COMMENT: I left Google for finance. Nowadays, I wear shoes

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COMMENT: I left Google for finance. Nowadays, I wear shoes

Last year I left Google. I worked at Mountain View for close to four years and when I left I was earning around $200k. Google doesn't always pay as well as you think. Nowadays I work for a multi-strat fund in Manhattan. It's  different; in many ways it's better. 

If leave Google for finance, you will be in culture shock. NY has a much different energy than California.  CA was more chilled out and relaxing. In NY people walk faster, talk faster; time goes by faster. 

Google was a chill place to work. When I was at Google I went barefoot, and so did a lot of others. People would show up to work in their pajamas.  We'd all walk around the office with our feet out. Google would send us to "offsites" which were like little fun trips to wineries or Disney or skiing in Tahoe. 

Google was also an insular and ethereal place to work.  At Google most of the tech being used is developed internally.  People who've worked for Google for many years seem like otherworldly geniuses because they know how all the stuff works there.  But if you mention some industry standard technology used outside Google, they've never heard of it.

There's a structure and a deliberateness to Google. Things move slowly and there is a highly engineered process in place around everything.  All code committed at Google is reviewed and there is infrastructure in place to track all changes.  It's slow. It's meticulous.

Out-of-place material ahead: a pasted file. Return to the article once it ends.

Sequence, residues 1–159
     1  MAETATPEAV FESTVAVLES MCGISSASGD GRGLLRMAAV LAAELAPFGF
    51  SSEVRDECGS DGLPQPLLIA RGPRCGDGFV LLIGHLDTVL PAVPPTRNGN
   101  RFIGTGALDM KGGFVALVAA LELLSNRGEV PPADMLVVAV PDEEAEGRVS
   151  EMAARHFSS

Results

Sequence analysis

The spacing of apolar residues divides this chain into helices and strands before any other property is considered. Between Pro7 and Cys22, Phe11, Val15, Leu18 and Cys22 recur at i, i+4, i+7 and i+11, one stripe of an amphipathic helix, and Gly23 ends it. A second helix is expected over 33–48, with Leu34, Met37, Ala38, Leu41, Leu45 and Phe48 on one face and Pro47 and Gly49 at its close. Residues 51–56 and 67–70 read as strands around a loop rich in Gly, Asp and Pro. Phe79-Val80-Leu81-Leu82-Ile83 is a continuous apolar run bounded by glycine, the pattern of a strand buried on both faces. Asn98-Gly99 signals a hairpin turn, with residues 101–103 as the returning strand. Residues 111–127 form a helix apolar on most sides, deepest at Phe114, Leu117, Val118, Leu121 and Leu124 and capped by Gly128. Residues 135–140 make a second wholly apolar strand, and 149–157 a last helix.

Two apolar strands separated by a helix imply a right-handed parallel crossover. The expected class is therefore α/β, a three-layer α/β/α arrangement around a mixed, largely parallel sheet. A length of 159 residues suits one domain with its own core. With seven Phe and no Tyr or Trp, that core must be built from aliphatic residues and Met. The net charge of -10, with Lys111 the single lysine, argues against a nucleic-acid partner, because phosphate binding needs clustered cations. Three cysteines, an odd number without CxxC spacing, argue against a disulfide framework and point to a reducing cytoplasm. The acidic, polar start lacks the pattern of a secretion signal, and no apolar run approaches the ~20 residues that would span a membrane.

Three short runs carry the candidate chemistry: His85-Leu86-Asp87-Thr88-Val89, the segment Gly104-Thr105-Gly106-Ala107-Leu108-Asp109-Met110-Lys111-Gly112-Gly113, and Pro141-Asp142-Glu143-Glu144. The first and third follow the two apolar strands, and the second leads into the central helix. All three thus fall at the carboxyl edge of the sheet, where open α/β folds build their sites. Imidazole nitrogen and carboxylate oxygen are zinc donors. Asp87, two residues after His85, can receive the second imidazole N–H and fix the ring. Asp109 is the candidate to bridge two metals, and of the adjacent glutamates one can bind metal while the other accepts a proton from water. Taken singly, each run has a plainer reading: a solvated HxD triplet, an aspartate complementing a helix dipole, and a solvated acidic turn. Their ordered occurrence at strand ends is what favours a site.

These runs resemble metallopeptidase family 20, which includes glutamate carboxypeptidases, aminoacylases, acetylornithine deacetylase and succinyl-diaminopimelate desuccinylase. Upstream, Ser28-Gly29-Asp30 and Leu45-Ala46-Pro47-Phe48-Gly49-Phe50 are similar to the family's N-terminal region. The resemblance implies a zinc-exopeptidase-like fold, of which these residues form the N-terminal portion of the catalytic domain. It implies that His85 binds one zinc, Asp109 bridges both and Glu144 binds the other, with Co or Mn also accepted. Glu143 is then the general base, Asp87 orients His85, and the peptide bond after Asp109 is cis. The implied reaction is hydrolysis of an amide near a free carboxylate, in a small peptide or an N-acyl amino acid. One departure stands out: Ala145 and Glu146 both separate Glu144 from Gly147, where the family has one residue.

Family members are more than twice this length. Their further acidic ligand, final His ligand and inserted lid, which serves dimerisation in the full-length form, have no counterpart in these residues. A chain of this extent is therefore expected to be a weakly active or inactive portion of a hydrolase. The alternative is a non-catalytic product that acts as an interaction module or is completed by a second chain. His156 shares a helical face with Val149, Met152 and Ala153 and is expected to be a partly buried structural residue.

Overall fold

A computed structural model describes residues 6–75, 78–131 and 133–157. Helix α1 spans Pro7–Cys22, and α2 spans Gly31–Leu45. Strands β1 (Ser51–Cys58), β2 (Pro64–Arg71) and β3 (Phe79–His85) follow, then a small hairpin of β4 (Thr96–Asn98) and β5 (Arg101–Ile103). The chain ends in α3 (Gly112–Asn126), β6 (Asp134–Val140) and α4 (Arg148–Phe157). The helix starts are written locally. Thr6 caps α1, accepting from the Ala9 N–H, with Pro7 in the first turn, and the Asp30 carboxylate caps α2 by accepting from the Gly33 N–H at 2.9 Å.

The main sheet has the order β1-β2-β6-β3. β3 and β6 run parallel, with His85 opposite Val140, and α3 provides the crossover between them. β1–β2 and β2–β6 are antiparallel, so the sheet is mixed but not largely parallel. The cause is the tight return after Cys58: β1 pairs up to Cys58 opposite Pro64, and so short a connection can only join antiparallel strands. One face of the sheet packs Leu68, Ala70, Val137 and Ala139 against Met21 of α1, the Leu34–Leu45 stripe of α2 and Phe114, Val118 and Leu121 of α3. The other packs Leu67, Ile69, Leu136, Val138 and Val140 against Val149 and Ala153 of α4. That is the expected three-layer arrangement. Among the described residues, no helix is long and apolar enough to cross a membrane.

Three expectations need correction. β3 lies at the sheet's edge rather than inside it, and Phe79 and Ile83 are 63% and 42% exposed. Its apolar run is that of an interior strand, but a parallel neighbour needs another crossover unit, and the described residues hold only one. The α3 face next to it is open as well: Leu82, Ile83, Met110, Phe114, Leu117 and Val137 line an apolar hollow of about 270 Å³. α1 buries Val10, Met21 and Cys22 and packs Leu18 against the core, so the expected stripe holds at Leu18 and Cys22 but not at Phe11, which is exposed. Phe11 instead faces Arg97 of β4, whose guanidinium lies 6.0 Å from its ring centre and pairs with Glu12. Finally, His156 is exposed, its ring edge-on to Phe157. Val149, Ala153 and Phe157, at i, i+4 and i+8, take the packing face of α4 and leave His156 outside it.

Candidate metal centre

In my new fund in Manhattan, my life and work are totally different. My feet are away in shoes. There's a kind scrappiness to it. - I'm doing software development most of the day and I probably write more code in a week here than I did in two years at Google because I can design/build things from scratch however I want. My users are close by me - I'm building things for a small group of traders in the same office; I18n is not a factor. 

Sometimes it's scares me how much freedom I have now, and how few checks there seem to be against it.  At Google I worked on tiny aspects of very large things.  In this fund, I build entire automated trading strategies from start-to-finish including market data collection, exchange connectivity, algo design and testing, logging, production operation of the system, and I get to choose how it's done. At the fund I am the masterbuilder.

Google understands the risks. It has the best cyber-security people in the world who are always researching and mitigating new ways to compromise security.  - Google is constantly a target of hacking groups and state actors.  Here we just outsource network security to some IT management firm which charges us a large monthly fee.  I have no idea if their people are any good.

Google was dull too. There were lots of meetings.  Sometimes meetings about meetings.  Meetings about what your team should name itself.  Meetings all the time. There is no time for multiple meetings on a trading floor.

And Google was political. People at Google focus on doing work that's highly visible.  They create presentations about what they've done and they show them to those above them in the organization so they can point to it as justification for promotion.  The barefoot Googlers put together very extensive presentations about the tiniest little contribution.  People will give a tiny feature some grandiose sounding name and generate piles of documentation around it.  They then link to those docs in performance reviews.  

When you work in finance, P&L is king. No one cares much about politics and meetings and diversity when everything is about trading for profit. There's a transparency to it, and that's refreshing. I have no regrets.

Daniel Combs is a pseudonym

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